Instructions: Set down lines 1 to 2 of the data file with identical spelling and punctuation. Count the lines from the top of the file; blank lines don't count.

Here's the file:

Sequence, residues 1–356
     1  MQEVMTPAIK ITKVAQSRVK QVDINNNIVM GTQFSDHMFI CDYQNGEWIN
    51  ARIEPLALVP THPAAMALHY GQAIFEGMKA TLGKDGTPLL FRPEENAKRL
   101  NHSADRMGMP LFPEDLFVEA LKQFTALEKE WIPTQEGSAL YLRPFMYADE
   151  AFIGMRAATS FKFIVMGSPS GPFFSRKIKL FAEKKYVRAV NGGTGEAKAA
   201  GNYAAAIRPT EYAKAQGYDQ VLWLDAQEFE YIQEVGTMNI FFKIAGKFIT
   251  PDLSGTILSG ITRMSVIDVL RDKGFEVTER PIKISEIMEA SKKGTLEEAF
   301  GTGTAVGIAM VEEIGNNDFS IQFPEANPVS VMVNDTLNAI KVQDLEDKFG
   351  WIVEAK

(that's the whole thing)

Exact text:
Sequence, residues 1–356
     1  MQEVMTPAIK ITKVAQSRVK QVDINNNIVM GTQFSDHMFI CDYQNGEWIN